Tadej Pogacar wins Tour de France

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On Sunday, September 20, the long-anticipated 2020 Tour de France concluded, with cyclist Tadej Pogacar taking home the yellow jersey. Pogacar, representing the United Arab Emirates, is not only the first Slovenian to win the race, but also the youngest player since 1904 to don the maillot jaune. In addition to the main prize of the competition, he also secured the King of the Mountains title, with its polka dot jersey, as well as the white jersey prize for best young rider, making him the first rider to win all three in the same year.

Pogacar pulled a surprise victory in the penultimate stage of the race, upsetting fellow Slovenian Primoz Roglic, one of the crowd favorites for the yellow jersey, with a 59-second lead, as he rode his yellow Colnago V3Rs across the Champs-Élysées.

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The route, which kicked off in Nice on August 29, consisted of 21 stages over the course of 2,150 miles. It featured eight mountain stages with four summit finishes, nine flat stages, three hilly stages, and one individual time trial on the penultimate day.

“It’s unbelievable. It’s really crazy to be the winner of the Tour de France,” said Pogacar. “Even if I’d come second or further in the ranking, it would still be nice to be here. This is just the top of the top. I can’t describe it with words.”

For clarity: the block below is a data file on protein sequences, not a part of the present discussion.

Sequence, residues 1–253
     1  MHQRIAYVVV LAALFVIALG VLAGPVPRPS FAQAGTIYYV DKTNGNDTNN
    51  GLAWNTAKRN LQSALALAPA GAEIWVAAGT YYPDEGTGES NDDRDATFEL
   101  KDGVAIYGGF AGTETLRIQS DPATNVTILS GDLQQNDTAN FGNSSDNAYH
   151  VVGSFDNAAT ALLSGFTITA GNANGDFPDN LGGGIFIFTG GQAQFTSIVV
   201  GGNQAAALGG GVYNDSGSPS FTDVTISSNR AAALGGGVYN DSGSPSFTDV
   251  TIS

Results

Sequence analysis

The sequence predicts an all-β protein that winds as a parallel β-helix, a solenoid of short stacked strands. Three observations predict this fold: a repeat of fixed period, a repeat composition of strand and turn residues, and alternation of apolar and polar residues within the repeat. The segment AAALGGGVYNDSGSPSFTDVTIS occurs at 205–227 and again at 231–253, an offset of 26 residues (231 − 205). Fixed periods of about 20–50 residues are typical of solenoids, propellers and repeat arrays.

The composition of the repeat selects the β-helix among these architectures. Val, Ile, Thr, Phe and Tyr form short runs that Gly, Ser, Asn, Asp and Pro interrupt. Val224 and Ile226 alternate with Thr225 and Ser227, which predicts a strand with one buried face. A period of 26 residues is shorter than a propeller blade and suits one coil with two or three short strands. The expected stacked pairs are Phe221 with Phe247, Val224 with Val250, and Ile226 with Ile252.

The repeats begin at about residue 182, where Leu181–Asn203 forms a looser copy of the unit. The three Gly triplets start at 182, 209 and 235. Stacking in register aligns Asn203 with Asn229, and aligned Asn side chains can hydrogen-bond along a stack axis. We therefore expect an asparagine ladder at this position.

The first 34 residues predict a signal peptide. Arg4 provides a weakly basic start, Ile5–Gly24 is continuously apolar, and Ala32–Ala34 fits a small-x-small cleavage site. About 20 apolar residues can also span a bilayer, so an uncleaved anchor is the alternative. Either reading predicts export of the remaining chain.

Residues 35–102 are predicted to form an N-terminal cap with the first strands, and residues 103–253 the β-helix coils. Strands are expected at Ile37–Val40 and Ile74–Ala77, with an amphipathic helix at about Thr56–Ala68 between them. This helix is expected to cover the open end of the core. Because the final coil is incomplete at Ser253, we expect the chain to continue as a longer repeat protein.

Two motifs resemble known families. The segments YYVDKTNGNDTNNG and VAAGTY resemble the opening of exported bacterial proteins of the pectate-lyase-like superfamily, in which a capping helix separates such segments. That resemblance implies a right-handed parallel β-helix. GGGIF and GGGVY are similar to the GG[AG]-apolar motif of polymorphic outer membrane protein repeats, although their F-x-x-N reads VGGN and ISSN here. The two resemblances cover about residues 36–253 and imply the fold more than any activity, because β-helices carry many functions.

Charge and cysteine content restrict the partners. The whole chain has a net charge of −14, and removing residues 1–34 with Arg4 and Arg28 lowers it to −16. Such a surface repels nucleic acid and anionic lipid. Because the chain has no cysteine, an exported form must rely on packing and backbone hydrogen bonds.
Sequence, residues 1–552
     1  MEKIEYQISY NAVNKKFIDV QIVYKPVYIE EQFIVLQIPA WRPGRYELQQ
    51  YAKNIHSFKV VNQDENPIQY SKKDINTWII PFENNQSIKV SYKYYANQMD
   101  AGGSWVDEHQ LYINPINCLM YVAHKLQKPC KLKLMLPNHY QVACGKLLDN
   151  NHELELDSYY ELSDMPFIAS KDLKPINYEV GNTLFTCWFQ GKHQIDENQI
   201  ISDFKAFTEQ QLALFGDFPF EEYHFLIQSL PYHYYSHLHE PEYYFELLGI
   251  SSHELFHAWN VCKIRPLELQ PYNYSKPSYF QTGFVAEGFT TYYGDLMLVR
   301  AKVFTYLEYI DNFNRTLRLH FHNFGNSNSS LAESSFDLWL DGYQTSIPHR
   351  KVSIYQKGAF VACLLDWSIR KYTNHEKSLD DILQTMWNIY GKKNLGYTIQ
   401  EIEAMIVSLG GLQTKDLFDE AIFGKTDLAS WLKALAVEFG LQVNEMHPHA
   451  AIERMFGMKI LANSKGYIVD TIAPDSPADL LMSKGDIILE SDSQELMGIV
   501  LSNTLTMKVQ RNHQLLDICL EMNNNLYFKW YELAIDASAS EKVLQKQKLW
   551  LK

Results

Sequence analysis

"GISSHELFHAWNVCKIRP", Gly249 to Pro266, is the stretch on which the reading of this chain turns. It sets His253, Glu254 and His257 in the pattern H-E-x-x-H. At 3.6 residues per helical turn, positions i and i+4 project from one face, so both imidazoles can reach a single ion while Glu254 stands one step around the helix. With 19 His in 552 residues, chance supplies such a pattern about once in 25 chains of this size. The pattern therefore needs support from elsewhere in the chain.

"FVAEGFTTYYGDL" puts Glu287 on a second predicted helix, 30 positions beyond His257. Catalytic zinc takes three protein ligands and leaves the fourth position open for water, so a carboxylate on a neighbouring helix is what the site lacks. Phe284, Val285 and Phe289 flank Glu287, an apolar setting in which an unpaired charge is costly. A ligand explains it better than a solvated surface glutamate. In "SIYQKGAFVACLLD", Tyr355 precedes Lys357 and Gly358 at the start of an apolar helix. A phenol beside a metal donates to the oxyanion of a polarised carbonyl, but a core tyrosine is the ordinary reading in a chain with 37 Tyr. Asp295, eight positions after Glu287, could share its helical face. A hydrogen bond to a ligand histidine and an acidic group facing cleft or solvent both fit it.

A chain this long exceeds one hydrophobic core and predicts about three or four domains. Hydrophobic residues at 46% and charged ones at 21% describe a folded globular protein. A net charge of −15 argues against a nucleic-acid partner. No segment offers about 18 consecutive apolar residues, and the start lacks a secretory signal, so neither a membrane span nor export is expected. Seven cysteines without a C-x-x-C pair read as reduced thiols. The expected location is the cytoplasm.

The winner of the green jersey, which goes to the best sprinter in the race, was Irish cyclist Sam Bennett. “The suffering in the mountains was worth it,” Bennett said of the race. “It took me so long to get here, I’m going to enjoy every moment of this victory. It was a really fast and technical finale.” Bennett has received numerous comparisons to another cyclist, Sean Kelly, who was the last Irishman to win the green jersey, back in 1989.

The race looked a little different this year than it has in the past, thanks to restrictions imposed to protect against COVID-19. In addition to being postponed from its original July timeframe, the Tour de France imposed caps on groups of spectators, kept the route entirely inside France, and declared that none of the usual spectator-athlete interactions (hugs, high fives, and selfies) would be allowed. But restrictions or not, the Tour’s return was a much-needed balm to cycling fans everywhere.

Relive some of the most emotional moments of the race here.

Featured Image: Stock Photos from MA PHOTOGRAPHY / Shutterstock